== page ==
For the filling, mix together all the ingredients in a standing mixer bowl, whisking at high speed until smooth and creamy.

Preheat the oven to 325°F. Remove the base from the freezer and pour the filling over top. Bake for an hour. Remove from the oven and set on a wire rack.

For the topping, melt the chocolate and sour cream together in a small saucepan over medium heat, then pour it gently over the cheesecake. Return to the oven for five minutes. Meanwhile, break up the peanut brittle into small pieces, using a meat tenderizer or hammer. Remove the cheesecake from the oven, scatter the broken brittle over top and bake for a final five minutes.

Once out of the oven, place the cheesecake on a wire rack and let cool completely in its tin. When it's completely cooled down, cover with cling film and put in the fridge overnight. When you're ready to serve, take it out of the fridge ahead of time, just to take the chill off. This will make it easier to spring the cheesecake from the tin. Don’t let it get too warm though, as it'll become a bit gooey and be hard to slice.









Peanut Brittle
Makes about 2 dozen one-inch chunks
Recipe courtesy of Karen DeMasco, pastry chef at Locanda Verde NYC

2 cups sugar
1/2 cup water
4 ounces unsalted butter
1/3 cup light corn syrup
1/2 tsp baking soda
12 oz dry-roasted whole salted peanuts
4 tsp salt

Line a baking pan with parchment paper. Add the sugar, butter, corn syrup, and 1/2 cup plus 2 tablespoons water to a large saucepan, and stir together with a wooden spoon until all the sugar is moist. Cook over high heat until the mixture turns to a deep golden brown. Immediately remove from the heat, and carefully whisk in the baking soda followed by the salt. Take care, as the caramel may rise in the pan and bubble.

Fold in the peanuts, then quickly pour the mixture onto the baking sheet, and spread it out using the back of the spoon before it starts to harden. It may not cover the whole pan.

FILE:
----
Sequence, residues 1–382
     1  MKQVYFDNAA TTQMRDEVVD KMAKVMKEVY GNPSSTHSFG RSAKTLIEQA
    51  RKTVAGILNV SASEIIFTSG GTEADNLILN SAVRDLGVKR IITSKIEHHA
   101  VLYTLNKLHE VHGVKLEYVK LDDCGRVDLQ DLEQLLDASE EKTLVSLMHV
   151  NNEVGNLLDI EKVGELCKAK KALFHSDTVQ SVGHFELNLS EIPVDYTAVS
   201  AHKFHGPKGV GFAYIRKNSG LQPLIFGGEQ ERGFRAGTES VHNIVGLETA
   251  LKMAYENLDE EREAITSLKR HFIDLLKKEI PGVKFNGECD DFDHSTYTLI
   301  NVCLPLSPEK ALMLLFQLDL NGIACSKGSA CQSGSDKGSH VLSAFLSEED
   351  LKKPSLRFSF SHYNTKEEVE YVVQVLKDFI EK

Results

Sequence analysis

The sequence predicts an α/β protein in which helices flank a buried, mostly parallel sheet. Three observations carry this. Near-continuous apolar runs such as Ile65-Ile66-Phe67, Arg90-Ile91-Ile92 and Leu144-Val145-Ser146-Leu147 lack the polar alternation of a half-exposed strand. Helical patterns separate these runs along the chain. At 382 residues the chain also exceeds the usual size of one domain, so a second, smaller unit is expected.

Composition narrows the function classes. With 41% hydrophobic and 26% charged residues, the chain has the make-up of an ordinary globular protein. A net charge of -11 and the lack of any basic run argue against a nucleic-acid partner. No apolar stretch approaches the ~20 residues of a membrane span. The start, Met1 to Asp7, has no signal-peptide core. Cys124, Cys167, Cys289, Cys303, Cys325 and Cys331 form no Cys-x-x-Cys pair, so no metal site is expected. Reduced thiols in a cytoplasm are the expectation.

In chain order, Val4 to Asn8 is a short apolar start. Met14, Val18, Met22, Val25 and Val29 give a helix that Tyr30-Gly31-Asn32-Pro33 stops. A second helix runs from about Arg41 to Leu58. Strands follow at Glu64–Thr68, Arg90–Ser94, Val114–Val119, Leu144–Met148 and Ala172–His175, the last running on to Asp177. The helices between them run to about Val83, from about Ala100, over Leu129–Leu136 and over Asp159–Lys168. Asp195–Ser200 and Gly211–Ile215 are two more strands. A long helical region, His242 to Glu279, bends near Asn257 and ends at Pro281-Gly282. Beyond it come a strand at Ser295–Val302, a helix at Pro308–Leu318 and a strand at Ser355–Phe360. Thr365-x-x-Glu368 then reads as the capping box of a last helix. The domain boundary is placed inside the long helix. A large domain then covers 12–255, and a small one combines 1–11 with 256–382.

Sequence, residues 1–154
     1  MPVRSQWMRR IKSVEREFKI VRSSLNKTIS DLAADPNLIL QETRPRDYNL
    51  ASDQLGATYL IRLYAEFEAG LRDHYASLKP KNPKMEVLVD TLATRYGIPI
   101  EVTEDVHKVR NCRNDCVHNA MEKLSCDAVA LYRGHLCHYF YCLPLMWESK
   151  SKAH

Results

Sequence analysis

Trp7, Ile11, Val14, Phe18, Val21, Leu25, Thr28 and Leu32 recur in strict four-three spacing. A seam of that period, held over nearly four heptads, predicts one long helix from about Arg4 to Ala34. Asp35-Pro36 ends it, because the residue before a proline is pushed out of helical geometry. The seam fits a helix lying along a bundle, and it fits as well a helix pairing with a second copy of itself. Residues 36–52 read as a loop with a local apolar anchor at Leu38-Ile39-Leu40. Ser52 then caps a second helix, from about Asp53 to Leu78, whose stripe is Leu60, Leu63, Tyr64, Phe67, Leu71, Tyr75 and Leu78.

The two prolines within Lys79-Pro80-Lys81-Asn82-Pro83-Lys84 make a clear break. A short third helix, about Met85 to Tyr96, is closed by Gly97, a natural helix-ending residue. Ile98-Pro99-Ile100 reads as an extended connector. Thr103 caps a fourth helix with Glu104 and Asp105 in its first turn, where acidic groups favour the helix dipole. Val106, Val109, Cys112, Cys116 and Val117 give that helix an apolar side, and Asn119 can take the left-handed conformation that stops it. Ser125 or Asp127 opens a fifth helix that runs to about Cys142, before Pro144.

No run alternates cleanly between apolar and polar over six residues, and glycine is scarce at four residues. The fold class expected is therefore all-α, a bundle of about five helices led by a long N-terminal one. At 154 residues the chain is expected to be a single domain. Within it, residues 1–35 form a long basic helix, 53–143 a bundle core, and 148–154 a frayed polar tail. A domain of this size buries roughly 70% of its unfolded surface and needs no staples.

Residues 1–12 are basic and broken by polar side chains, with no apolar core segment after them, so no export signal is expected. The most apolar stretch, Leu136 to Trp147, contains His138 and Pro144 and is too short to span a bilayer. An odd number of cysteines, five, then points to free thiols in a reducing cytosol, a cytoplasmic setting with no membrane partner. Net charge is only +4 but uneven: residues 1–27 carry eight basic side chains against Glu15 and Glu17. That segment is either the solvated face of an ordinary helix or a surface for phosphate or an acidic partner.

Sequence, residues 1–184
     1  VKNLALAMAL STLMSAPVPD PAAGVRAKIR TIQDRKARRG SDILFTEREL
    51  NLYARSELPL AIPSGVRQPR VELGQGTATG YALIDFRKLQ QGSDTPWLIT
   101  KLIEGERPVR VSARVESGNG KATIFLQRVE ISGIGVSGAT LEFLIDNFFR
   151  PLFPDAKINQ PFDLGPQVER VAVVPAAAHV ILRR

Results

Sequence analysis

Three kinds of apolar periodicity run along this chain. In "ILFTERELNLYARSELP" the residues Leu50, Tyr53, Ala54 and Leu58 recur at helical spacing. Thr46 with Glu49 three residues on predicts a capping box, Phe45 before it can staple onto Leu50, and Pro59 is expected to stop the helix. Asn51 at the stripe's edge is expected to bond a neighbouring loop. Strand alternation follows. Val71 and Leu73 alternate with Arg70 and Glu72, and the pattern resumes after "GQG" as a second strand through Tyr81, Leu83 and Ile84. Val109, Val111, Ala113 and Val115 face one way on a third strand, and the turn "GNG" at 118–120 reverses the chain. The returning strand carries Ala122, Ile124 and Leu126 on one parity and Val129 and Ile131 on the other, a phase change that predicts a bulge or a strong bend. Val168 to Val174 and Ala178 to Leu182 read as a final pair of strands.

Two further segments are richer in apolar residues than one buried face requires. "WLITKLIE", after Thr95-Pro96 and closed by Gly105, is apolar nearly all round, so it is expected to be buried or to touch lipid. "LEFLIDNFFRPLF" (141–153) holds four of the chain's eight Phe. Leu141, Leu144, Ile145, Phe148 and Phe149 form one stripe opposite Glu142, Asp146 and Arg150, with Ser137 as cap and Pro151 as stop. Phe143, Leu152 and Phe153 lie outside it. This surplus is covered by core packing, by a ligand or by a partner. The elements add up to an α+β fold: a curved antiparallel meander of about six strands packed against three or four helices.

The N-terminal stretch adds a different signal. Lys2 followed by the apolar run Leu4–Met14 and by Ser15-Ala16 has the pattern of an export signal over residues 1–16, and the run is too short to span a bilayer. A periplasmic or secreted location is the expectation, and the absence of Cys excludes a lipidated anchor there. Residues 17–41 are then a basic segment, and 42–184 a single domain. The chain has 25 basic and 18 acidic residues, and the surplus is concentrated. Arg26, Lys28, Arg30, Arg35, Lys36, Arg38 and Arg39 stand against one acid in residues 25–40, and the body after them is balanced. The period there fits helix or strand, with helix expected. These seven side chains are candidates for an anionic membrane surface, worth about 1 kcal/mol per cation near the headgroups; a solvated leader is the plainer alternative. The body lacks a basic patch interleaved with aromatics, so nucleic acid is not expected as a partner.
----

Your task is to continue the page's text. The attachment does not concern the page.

Let the brittle cool completely, about 30 minutes. Break it into bite-size pieces or large shards, as you prefer. The brittle can be stored in an airtight container at room temperature for up to one month.

COOK'S NOTE: You can also use other nuts to make brittle: cashews, pistachios, almonds, walnuts, hazelnuts, pecans, macadamia nuts, or even a custom combination of mixed nuts. Brittle also makes a great gift wrapped in cellophane and bound with a pretty ribbon.

















Tuesday, April 17, 2012

Ottolenghi's Lemon and Goat Cheese Ravioli









Pink peppercorns, tarragon, turmeric, goat cheese, and lemon zest. Not a combination you see everyday, but that's the beauty of Yotam Ottolenghi's cookbook Plenty. Each recipe combines unexpected ingredients and techniques to create wonderfully inspired and delicious recipes, like this Lemon and Goat Cheese Ravioli, one of his more vibrant dishes. The fresh pasta dough is infused with both turmeric and lemon zest, which creates a bright and beautiful yellow colour — Ottolenghi calls the ravioli "little sunshines on the plate." 



The turmeric and lemon infused pasta dough filed with an aromatic goat cheese filling


Once rolled out, the dough is passed through a pasta machine until it reaches one of the thinnest settings. It's then cut into 3-inch circles, brushed with egg white, stuffed with soft goat cheese mixed with chilli flakes, Maldon sea salt and ground black pepper, and topped with a second circle of pasta. After a brief boil, the pasta is garnished with a tasty combination of mild red peppercorns, tangy lemon zest, sweet licoricey tarragon, and a drizzle of flavoured oil.